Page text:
Review of “Microaggression in Ministry: Confronting the Hidden Violence of Everyday Church”

Tears for NorwayCreative Commons Image by *Lie on Flickr.

If you are a person of color, female, LGBTQ, or a member of a religious group other than Christian, there is a high probability that you have been on the receiving end of microaggressions in one of its many forms. What Cody Sanders and Angela Yarber have done here is to give words to what every member of an oppressed or marginalized group in America has experienced at one time or another from those in the majority power group. The term “microaggression” is defined as “underhanded slights, insults and invalidations” that are meant to do damage to the souls and spirits of those who are a part of groups that have been marginalized.

This book is timely in light of the current political climate where racist, sexist, homophobic, and religious insults have been front and center and have been hurled about freely and liberally without embarrassment or apology by one candidate in particular.

The authors’ focus however is not on the larger society but on the church and the church’s ministry. They provide numerous stories and examples of how persons of color, women, and those who are lesbian, gay, bisexual, transgender, or queer (LGBTQ) are often the target of microaggressions. These slights are unintended for the most part and they seem to be innocent on the surface — for instance:

  • the church that thought its Sunday school was so inclusive yet all of the faces in the curriculum were white.
  • the congregation that said it was open to interviewing a female candidate for pastor, yet there were no women on the call committee.

Many congregations see themselves as welcoming; but if that is how a congregation chooses to describe itself, Sanders and Warber would push the leadership to take a deep look at what “welcoming” means to them and clearly identify the work required to become “who you say you are.”

If a congregation sees itself as inclusive, it requires some deep and ongoing conversations with those members who are a part of marginalized and oppressed groups. This is not easy work nor easy conversations for the perpetrators of microaggressions (nor is it easy for those who have received microaggressions), but these are necessary conversations if the church is to become the body of Christ in a much more mature and authentic way. Thus the need to create a “counter-memory” (p.59) and a counter-narrative with multiple voices represented so that the congregation can create a new story.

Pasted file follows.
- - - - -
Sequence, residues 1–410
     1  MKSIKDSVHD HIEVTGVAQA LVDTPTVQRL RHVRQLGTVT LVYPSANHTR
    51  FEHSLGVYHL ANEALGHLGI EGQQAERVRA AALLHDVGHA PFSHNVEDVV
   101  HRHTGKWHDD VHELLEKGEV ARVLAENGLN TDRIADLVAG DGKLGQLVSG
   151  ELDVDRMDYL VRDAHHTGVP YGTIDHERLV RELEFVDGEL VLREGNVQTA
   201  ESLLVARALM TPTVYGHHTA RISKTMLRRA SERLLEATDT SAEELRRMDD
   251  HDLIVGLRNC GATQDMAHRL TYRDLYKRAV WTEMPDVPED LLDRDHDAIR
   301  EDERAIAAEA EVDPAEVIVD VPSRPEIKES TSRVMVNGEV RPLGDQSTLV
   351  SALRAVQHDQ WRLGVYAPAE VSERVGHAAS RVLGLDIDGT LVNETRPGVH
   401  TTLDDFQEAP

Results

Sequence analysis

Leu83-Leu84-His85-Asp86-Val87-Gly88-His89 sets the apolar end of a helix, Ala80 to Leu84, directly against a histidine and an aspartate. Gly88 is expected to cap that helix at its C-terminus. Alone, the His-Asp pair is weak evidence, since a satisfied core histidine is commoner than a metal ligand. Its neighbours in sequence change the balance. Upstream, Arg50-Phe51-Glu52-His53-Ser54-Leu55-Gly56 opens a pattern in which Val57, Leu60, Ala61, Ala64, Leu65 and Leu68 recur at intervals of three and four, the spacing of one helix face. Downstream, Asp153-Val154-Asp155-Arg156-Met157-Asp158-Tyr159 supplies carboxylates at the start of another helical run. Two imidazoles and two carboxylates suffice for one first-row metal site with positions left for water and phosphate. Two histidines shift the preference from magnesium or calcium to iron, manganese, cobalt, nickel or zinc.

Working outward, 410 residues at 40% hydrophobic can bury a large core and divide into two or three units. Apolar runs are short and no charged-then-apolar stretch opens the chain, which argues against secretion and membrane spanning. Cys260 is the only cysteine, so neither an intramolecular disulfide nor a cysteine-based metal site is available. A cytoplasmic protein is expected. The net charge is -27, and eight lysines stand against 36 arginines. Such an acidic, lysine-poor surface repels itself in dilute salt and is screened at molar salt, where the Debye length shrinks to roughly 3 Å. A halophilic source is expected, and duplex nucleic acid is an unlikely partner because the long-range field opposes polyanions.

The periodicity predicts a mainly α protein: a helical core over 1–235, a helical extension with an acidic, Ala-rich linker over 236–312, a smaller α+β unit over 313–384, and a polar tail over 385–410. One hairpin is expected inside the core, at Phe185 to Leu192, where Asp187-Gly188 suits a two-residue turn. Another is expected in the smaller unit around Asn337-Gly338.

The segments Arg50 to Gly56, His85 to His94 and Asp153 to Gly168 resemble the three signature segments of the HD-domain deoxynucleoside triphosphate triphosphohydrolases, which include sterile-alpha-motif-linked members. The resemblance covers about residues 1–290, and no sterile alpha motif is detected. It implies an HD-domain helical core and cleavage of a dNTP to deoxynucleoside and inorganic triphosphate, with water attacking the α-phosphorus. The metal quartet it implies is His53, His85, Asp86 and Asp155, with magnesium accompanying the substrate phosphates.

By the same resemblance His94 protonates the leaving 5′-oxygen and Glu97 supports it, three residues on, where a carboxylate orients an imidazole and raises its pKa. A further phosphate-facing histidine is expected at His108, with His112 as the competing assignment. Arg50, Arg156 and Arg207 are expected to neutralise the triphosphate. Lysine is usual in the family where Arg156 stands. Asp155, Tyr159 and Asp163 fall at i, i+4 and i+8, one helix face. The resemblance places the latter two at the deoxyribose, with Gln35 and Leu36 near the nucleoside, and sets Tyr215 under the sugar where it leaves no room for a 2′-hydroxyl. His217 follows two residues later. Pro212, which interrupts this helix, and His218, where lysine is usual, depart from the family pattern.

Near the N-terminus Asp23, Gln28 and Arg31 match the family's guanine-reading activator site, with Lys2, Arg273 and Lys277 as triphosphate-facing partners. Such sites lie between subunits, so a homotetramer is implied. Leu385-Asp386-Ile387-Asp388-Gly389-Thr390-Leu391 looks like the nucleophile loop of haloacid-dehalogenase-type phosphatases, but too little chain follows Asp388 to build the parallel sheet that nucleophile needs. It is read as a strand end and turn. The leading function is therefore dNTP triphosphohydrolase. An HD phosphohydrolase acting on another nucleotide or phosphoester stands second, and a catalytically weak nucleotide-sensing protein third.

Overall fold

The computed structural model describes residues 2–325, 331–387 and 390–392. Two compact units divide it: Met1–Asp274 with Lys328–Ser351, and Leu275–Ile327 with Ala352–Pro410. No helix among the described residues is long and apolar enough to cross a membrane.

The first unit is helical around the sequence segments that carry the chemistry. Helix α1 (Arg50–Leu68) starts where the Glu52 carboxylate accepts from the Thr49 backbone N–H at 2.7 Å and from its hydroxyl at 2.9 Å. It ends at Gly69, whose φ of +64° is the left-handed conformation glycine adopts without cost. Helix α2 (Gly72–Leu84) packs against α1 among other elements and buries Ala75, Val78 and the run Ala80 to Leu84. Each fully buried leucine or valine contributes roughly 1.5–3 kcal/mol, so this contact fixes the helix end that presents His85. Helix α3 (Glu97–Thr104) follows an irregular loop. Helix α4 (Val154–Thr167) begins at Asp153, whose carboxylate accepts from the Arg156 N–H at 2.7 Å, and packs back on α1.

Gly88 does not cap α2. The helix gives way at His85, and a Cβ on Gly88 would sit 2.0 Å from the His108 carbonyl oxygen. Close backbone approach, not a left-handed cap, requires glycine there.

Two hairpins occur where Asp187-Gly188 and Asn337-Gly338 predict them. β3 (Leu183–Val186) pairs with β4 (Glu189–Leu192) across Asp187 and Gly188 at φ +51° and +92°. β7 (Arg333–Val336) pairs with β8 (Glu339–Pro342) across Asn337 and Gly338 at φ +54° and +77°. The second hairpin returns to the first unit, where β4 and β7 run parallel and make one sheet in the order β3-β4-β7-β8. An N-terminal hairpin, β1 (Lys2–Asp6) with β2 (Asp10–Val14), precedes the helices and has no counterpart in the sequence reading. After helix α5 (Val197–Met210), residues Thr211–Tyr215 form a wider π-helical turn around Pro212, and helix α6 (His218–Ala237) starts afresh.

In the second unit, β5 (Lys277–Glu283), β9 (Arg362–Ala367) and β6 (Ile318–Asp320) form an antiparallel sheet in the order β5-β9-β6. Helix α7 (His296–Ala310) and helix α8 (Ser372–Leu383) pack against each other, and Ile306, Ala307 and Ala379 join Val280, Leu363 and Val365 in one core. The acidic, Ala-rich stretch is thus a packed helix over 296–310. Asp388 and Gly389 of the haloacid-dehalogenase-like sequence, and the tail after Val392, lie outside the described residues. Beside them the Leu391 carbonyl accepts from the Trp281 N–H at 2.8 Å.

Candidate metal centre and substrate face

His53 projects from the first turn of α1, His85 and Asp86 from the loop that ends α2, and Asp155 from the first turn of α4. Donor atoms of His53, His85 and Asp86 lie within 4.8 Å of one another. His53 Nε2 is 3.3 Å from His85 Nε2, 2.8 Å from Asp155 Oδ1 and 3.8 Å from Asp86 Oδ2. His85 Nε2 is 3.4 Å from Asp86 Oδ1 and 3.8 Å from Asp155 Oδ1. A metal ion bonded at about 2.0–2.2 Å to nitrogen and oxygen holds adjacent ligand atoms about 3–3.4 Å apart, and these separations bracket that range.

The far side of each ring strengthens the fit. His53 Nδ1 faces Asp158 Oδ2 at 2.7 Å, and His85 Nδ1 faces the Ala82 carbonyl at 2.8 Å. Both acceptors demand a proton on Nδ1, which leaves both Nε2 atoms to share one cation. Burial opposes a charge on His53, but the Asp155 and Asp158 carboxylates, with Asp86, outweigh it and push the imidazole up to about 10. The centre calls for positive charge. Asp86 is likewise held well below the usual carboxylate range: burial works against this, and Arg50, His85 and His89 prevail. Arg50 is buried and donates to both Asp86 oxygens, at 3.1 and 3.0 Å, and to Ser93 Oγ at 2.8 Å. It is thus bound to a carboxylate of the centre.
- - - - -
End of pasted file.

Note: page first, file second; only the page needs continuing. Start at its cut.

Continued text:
Readers will find specific ways to address microaggressions through changed practices in counseling, worship planning, and pastoral-care delivery that are both insightful and helpful. But the white church that seeks to truly be inclusive must be attuned to the voices of those who have been wounded by the larger culture and by the church. Ultimately, if the white church is to be transformed, it must undertake to seek its liberation from what it means to be “white.”  

Racism fueled by white supremacy is so deeply ingrained within the fabric of American life that it continues to frustrate the vision and the meaning of democracy. And in so many instances racism stands in the way of who God calls us to be as the church. 

I am appreciative of Dr. James Cone who in The Cross and the Lynching Tree makes clear that white supremacy is terrorism. As one reads Sanders and Yarber’s book, it is not a huge stretch to see how microaggression and its various manifestations can be equally seen as forms of that same kind of terror in that the intent is to devalue and discredit those who are deemed “other.” Cody Sanders and Angela Yarber have made a significant contribution in taking our conversation about racism, sexism, and homophobia to a much deeper level.